By Halle Raab
This art gallery has been a venue for ArtPrize every single year of the 10 years that ArtPrize has been active. It is extremely easy for students to access this incredible artwork. The venue is open and free to everyone through October 7th.
There are six different pieces on display: “The Poisoning of Arius” created by Jay Constantine, “The Fall” drawn by Kristin Casaletto, “Muses” by Christy Lee Rogers and “Cave” created by Dan Rule.
“I find all of these artworks interesting and visually compelling in different ways,” stated Nick Antonakis, Visual Arts department head, in an email to The Collegiate. “I chose them because they offer quality and creativity that will keep our students and community engaged.”
Just inside the gallery to the right is a collection of photos titled “Bright Eyes” by Jonathan Lopez, a Grand Rapids Community College graduate and artist who goes by the name Clay Alchemist. His ArtPrize entry consists of several portraits of animals sculpted out of clay partaking in human activities.
Another piece on exhibit in the gallery is “Sticks and Stones, Bullets and Guns.” This piece is a girl made of metal, bullets, sticks and other items. There is a target in place of the girl’s heart. “The students can think about what the artists are trying to communicate through these artworks,” Antonakis stated.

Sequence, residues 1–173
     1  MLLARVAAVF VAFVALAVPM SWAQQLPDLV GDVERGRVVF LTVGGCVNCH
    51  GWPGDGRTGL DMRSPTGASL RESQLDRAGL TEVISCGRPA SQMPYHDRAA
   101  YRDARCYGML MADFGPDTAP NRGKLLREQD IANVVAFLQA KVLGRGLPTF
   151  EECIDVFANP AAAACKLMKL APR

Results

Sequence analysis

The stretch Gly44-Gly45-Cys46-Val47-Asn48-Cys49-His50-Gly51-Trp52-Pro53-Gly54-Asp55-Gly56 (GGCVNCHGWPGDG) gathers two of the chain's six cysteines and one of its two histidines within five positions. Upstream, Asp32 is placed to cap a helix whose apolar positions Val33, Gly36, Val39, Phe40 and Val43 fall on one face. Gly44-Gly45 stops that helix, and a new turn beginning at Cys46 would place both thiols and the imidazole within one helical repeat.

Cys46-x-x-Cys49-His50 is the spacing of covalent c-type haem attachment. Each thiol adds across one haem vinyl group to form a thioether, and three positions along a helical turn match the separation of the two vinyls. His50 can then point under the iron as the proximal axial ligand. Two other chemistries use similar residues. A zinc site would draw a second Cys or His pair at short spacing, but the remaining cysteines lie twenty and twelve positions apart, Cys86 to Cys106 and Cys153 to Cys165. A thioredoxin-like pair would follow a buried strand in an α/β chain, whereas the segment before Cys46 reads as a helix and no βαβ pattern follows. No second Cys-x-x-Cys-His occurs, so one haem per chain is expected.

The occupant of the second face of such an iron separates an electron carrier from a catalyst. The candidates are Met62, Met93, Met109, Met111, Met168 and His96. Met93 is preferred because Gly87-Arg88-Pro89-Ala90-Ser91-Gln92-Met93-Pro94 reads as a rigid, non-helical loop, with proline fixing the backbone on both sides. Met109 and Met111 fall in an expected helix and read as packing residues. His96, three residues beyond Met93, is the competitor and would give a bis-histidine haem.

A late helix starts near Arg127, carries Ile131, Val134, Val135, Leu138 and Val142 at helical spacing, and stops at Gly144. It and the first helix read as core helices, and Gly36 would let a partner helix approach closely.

“Although each artist has presented one artwork, a couple of these are made up of multiple images while the rest are a singular image or video,” Antonakis stated.
When discussing art, a medium refers to the different materials and platform that is used to display what emotions or message the artist is trying to convey.
“Regardless of medium used, I hope that the students will view these art pieces with an interest in how they are made,” Antonakis stated. “The handling of the medium in each case is both personal and professional. It is very important to see artworks live because there is texture and detail that is impossible to decipher from a photograph alone. Moreover, the scale of an artwork (whether small or large) has an impact on how we perceive it.”
The pieces displayed in the gallery are unique and can be interpreted in different ways. Antonakis states that “…the students can think about what the artists are trying to communicate through these artworks. Artists’ statements are helpful in this regard but viewers can usually find more to engage in.”
Antonakis looks forward to students visiting the art gallery to view the pieces and decipher what the pieces mean for themselves.
“I hope that our students will visit to investigate what these artworks are about,” he stated.